The best way to keep fire ants out of your vegetable garden is to find their mound and colony. This would most likely be just outside of the garden and in your lawn area.  

There are three ways in which you can treat these mounds – Bait products, Organic methods and Non-Chemical Methods.

  • Bait Products – There are bait products that are not approved for vegetable gardens, but may be used for home lawns.  Worker ants from the garden and lawn will take the bait back to the colony.  These baits are usually slow-acting. (*Amdro Fire Ant Bait/Amdro Fire Strike/Amdro Yard Treatment) There are some baits containing Methoprene or Spinosad that have been approved for garden usage, are a little faster acting, and show results within 2-3 weeks. (*Ferti-Lome Come and Get It; Green Light Fire Ant Control with Conserve)

  • Organic Methods – There are liquid applications or drenching products that provide quick kill with short term residue, as well as brands with low-toxicity, plant-derived chemicals. (*Diatect Results Fire Ant Killer; CitrexTM, Insecto Formula 7, Organix SolutionsTM Multipurpose Fire Ant Killer) There are other liquids, dusts or granules that can be used but it is very important to follow instructions since some can be used in the garden area, while others can be used on mounds outside of the garden.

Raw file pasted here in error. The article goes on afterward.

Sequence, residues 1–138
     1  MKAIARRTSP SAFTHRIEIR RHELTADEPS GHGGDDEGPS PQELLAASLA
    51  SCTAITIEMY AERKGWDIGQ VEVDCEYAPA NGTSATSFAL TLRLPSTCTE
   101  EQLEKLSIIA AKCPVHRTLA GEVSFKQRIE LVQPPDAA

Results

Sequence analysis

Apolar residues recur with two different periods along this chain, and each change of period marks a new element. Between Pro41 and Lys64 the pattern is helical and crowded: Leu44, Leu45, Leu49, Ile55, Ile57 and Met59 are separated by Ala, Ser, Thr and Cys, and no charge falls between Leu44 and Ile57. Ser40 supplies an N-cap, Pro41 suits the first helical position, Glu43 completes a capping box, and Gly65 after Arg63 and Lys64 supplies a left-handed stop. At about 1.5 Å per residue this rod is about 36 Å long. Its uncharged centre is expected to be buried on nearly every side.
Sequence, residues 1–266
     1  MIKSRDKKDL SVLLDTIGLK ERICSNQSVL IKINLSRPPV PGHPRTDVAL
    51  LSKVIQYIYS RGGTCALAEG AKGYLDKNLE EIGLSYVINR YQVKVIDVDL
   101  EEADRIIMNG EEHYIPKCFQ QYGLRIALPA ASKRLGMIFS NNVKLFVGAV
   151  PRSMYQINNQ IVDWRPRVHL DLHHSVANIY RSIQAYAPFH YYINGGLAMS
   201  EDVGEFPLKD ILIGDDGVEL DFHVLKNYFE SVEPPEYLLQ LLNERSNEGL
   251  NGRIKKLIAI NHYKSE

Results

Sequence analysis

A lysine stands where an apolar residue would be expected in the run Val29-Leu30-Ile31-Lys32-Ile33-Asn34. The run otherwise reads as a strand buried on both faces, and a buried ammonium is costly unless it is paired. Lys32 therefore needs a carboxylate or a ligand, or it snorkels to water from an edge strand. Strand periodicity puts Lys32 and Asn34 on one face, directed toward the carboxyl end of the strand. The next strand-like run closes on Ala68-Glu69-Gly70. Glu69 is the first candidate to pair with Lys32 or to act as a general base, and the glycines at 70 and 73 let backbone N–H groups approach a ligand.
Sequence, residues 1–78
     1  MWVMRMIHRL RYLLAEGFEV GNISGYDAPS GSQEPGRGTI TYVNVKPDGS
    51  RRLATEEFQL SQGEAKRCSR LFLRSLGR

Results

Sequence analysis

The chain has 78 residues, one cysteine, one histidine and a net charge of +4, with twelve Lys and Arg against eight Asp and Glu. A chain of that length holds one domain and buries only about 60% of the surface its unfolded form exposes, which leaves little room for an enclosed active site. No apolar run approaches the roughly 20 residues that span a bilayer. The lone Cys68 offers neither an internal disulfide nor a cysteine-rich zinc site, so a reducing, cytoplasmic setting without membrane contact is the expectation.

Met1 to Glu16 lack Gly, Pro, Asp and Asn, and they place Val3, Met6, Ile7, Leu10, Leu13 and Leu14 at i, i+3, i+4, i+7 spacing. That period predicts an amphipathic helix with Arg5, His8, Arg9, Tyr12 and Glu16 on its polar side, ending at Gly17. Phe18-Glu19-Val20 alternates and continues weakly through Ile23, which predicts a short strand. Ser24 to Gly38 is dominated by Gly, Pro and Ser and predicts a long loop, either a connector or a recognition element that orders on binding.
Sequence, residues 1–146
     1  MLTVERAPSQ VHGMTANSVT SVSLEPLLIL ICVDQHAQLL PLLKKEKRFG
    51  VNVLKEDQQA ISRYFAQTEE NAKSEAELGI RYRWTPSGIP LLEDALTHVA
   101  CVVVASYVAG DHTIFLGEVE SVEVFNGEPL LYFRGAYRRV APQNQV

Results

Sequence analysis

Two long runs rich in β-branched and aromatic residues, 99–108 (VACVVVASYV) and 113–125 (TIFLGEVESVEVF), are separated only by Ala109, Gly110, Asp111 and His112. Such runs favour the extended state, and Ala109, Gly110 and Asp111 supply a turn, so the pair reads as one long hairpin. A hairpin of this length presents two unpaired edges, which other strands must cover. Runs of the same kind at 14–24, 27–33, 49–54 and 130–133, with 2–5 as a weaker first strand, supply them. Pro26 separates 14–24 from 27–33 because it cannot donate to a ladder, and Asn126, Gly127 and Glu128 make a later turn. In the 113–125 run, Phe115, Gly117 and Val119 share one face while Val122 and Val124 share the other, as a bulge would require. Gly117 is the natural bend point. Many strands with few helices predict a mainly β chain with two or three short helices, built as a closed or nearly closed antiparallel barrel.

• Non-Chemical Methods – This method is pouring 1 to 2 gallons of boiling water onto the mound.  It is important to use in empty beds or areas where vegetables are not growing since it will damage any vegetation.

One of the best preventions is to treat the surrounding lawn areas two to three times per year, spring, midsummer and/or fall.

*Things to be aware of:

  • Don’t wait for big mounds, as soon as you see fire ants, treat the area.

  • Baits with the active ingredient Acephate, which is a systemic insecticide, should not be used near any edible plant.  It will be absorbed by the roots and translocated to the leaves and fruits of edible plants.

  • Spinosad is deadly to bees and should never be used on blooming plants that attract bees or are used for pollination.

Still Unsure of How to Handle These Pests …

Gardens, whether floral or vegetable, can have a number of pests, not just fire ants.  If you are unsure, not certain on where to start or how to proceed? 

Then following the Integrated Pest Management (IPM) approach may be right for you.  The principle behind this approach is that treatment is based on how you respond or tolerate the pest and asking these three questions.

  • Do the pests need to be controlled?

  • Which control has the lowest risks of consequences?

  • Does the benefit of application justify the risk?

How you answer these questions may determine whether you start with the first level or the mildest option.  If that is unsuccessful, then you would proceed through the next three levels, using non-chemical methods of mound removal and boiling water to organic methods and finally bait products.  

Your ultimate goal is the eradication of these pests; however, we must also be cautious with the treatments used.  We need to be safe by following all directions and instructions carefully.

Pest Free Vegetable Garden …

Even if fire ants are not in your area, there are probably other types of pests to deal with.  There is no guarantee on a pest free vegetable garden, but if you are proactive and take preventable steps to maintain and control them, your vegetable garden can flourish and you will reap the rewards!